France

Denae Dyck and Marjorie Stone,  “The ‘Sensation’ of Elizabeth Barrett Browning’s Poems before Congress (1860):  Events, Politics, Reception”

Denae Dyck and Marjorie Stone, “The ‘Sensation’ of Elizabeth Barrett Browning’s Poems before Congress (1860): Events, Politics, Reception”

Elizabeth Barrett Browning’s Poems before Congress paradoxically addresses a political event that never took place: a meeting of European powers to discuss the “Italian question” planned for January of 1860. Nevertheless, the collection addresses several momentous historical developments, including the Second Italian War of Independence in 1859, the intervention of Napoleon III of France in the Italian struggle, and the international conflict his intervention precipitated. Indeed, the book’s publication and the sensation it created in themselves constitute a plurality of events, since the collection appeared under differing titles in England and America and encountered differing responses in each country. Contrary to the still dominant critical view that the volume was almost universally denounced, its reception was shaped by diverse locations, shifting chronological contexts, and conflicting political affiliations. Close analysis of the reviews underscores the importance of these wider contexts, which influence what otherwise appear to be primarily literary or aesthetic judgements. At the same time, analysis of varying responses to not only “A Curse for a Nation” but also “Napoleon III in Italy” and other poems in the volume demonstrates a number of recurring points of contention. These include the collection’s title, the politics of interventions across national borders, English liberalism, the nature of democracy, cosmopolitanism versus nationalism, women writers in relation to politics, poetic form, and, most of all, EBB’s representation of Napoleon III—the issue that is front and centre in most of the 1860s reviews and that shaped, in turn, reactions to all the rest.

Frederick Burwick, “18 June 1815: The Battle of Waterloo and the Literary Response”

Frederick Burwick, “18 June 1815: The Battle of Waterloo and the Literary Response”

Although Europe had celebrated the end of the Napoleonic Wars with the defeat of the French armies and the abdication of the emperor on 11 April 1814, Napoleon escaped and again rallied his troops against the British and Prussian armies. His defeat at Waterloo on 18 June 1815 was the final battle with heavy losses on all sides. The extensive response in the British press was unprecedented. In addition to several military reports of the battle, many civilian eye-witness narratives also appeared. Memoirs, histories, and biographies added to the prose accounts. With contributions from Lord Byron, Sir Walter Scott, Robert Southey, William Wordsworth, and many minor authors, the poetry included both celebrations of the victory and lamentations over the loss of lives. Theatres, too, brought forth numerous spectacles and melodrama. Londoners were also treated to several exhibitions and panorama displaying scenes from the battle (Favret 8-12).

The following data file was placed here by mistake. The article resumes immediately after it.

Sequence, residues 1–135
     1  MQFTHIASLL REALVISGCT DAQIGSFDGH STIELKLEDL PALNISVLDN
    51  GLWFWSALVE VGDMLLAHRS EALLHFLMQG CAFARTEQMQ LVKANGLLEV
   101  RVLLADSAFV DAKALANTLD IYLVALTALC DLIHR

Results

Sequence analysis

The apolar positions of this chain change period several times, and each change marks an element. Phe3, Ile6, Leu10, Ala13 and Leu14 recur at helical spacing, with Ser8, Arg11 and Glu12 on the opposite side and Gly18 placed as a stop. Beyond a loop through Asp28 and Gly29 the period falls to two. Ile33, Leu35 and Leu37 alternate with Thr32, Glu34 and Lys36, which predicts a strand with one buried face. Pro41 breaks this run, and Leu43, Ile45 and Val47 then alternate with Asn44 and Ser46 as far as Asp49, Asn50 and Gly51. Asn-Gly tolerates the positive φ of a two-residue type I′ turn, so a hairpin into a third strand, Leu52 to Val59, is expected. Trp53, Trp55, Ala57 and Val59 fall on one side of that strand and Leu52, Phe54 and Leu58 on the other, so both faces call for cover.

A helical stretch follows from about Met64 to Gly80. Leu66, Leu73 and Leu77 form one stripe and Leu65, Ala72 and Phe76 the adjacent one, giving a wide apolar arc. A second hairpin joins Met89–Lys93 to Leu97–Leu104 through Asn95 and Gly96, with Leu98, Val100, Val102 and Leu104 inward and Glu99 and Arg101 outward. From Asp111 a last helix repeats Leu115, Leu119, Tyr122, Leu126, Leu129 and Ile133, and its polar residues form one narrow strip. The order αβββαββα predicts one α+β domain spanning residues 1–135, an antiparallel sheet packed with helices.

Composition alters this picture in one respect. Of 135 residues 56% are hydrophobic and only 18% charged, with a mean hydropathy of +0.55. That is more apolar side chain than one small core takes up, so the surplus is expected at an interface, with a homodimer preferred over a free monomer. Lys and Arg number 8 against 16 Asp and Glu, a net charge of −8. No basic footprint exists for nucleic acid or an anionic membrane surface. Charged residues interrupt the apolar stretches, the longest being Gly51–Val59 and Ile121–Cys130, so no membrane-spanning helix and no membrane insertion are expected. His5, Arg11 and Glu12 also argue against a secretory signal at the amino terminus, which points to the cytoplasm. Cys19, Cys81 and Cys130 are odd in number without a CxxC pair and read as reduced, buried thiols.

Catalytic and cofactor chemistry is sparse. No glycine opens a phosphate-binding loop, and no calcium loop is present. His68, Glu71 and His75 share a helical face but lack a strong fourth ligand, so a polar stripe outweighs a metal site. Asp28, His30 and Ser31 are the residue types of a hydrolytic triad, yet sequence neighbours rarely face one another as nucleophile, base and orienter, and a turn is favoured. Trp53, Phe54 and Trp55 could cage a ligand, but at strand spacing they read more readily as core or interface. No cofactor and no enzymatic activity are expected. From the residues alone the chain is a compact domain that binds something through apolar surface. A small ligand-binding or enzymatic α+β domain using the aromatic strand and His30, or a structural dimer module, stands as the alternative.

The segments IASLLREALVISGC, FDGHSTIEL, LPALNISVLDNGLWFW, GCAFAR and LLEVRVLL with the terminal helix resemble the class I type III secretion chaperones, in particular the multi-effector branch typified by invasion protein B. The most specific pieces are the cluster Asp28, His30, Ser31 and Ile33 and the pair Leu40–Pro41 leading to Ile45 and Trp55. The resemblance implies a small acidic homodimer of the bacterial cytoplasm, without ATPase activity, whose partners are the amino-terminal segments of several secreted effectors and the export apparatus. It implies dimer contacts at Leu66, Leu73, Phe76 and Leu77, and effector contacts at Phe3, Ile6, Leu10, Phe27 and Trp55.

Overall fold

Cheryl A. Wilson, “The Arrival of the Waltz in England, 1812″

Cheryl A. Wilson, “The Arrival of the Waltz in England, 1812″

The arrival of the waltz in England changed both the experience of participating in the ballroom and the cultural impact of Victorian social dance.

Kristi N. Embry, “The Entente cordiale between England and France, 8 April 1904″

Kristi N. Embry, “The Entente cordiale between England and France, 8 April 1904″

The Entente cordiale was a series of formal political agreements signed in 1904 that negotiated the peace between England and France. French for “warm understanding,” the Entente cordiale of 1904 settled more immediate disputes between England and France in Egypt, Morocco, and elsewhere in Africa. Perhaps more famously, the series of agreements signed in 1904 contributed to the harmonization of relations between the two countries in the twentieth and twenty-first centuries. But, as I show here, the Entente cordiale of 1904 also served as the culmination of a more informal—and precarious—entente that had slowly developed between the former enemies beginning in the 1830s and 1840s.